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FCA IRHP Swap Review: How to appeal an unfair ‘Sophisticated’ Customer classification.

Following the Swift review which accepted arguments raised by this firm, the FCA have (very quietly) confirmed that IRHP swaps mis-selling victims that were previously denied redress for apparently being “sophisticated” customers may appeal their exclusionary classification.

In June 2019, the FCA appointed Mr John Swift QC as an independent reviewer for the lessons learned review commissioned by the FCA’s board. His 493 page report is available here. LEXLAW is the leading law firm representing SME victims of the mis-selling by major banks of complex interest rate hedging products (IRHPs).

Bank Exclusion of 34% of IRHP victims by labelling them as “Sophisticated”

Whilst the FCA Review scheme paid out over £2.2 billion in redress, over a third of customers were excluded by bank contrived changes to the redress scheme to exclude compensation on the biggest cases.

The Swift Report determined that following Bank persuasion, the FSA (as it then was) allowed the scope of the entire FCA IRHP Review Scheme to be limited to ‘non-sophisticated’ customers. The Initial Sophisticated Customer Criteria meant that customers would be classed as sophisticated if they had at least two of:

(i) a turnover of more than £6,500,000,

(ii) a balance sheet total of more than £3,260,000, or

(iii) more than 50 employees.

In addition, customers (even if they fell below the quantitative criteria) would also have been classed as sophisticated if the relevant bank was able to demonstrate that, at the time of the sale, they had the necessary experience and knowledge to understand the service provided and the type of the product, including their complexity and the risks involved.

LEXLAW’s Campaign against Sophistication Exclusion

We have previously written to the FCA in 2013, on behalf of our SME clients who have been mis-sold IRHPs by a wide range of banks (including Barclays BankHSBCLloyds Bank, the Royal Bank of Scotland and Clydesdale and Yorkshire Banks ) to share their grave concerns about the review, which views we share.

LEXLAW also wrote to Mr John Swift QC, putting the FCA on (repeated) notice of its failings in relation to the Financial Conduct Authority’s (FCA) implementation and oversight of the Interest Rate Hedging Products (IRHP) review and redress scheme.

A copy of our letter to John Swift QC appears at this link headed “REPEATED NOTICE OF FAILINGS IN THE FCA’S IMPLEMENTATION AND OVERSIGHT OF THE INTEREST RATE HEDGING PRODUCTS (IRHP) REVIEW AND REDRESS SCHEME”. You will note in particular that we attacked the exclusionary sophistication criteria which was clearly designed to arbitrarily exclude proper redress and thereby to save major banks billions of pounds in redress that was truly due.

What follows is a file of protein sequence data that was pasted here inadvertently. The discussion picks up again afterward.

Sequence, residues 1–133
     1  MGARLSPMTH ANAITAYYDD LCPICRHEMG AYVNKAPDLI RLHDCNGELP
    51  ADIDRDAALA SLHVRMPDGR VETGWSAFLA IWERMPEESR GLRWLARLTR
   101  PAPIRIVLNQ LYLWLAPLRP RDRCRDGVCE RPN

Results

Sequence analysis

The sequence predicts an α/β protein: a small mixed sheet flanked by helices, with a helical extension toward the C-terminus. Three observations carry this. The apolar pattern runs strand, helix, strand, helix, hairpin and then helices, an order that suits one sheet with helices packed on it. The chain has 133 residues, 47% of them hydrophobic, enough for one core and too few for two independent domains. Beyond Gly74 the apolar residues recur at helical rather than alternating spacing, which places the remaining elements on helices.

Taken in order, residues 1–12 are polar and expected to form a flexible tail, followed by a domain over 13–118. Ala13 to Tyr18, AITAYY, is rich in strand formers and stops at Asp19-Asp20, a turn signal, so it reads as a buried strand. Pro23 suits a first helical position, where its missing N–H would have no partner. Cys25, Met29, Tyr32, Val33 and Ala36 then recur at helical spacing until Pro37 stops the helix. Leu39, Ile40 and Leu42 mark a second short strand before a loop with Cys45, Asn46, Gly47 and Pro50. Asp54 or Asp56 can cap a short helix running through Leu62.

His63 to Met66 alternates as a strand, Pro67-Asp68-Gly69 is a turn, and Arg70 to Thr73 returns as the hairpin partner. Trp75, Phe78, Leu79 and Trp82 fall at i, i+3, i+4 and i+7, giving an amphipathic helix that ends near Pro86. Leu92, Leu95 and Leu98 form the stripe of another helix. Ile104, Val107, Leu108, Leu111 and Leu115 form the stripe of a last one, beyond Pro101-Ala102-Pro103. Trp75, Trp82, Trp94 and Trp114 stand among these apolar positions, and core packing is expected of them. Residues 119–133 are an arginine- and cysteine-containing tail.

How to Appeal a “Sophisticated” Customer Classification to the FCA (14 December 2022 Deadline)

It has been announced (via The Times’ James Hurley) that the FCA will accept sophistication assessment appeals until 14 December 2022. Such appeals can now be lodged for customers that were classified as sophisticated yet in spite of its failings the FCA has not written to alert the 5000 customers or directed the banks to do so. The regulator’s approach is that complaints should be made within a year of the date on which the complainant first became aware of the circumstances giving rise to the complaint. As the Swift Report was published by the FCA on 14 December 2021, this means companies only have a short time left to register their complaint. This deadline and complaints policy have not been publicised, only appearing in FCA board minutes.

An FCA spokeswoman said to the Times: “We will always investigate complaints made within 12 months of the issue being known to the complainant, and we also have the flexibility to investigate complaints raised after that time so long as reasonable grounds for delay are shown.”

Since 2011, we have developed a leading track record in obtaining many millions of pounds of redress compensation and damages. We issued more claims against major banks for the mis-selling of IRHPs and hidden swaps than all other UK law firms combined. We are still conducting cases in particular for individuals sold fixed rate loans with hidden swaps embedded in them causing huge break costs.

We are well equipped and able to assist those that wish to lodge a detailed appeal to the FCA by making written submissions on behalf of customers that previously received a sophisticated customer classification. Given our track record, experience and specialist knowledge and understanding, we are readily able to identify and appeal aspects of cases that highlight major banks unreasonably excluding customers from the FCA IRHP Review scheme by improper application of the Sophistication Assessment process.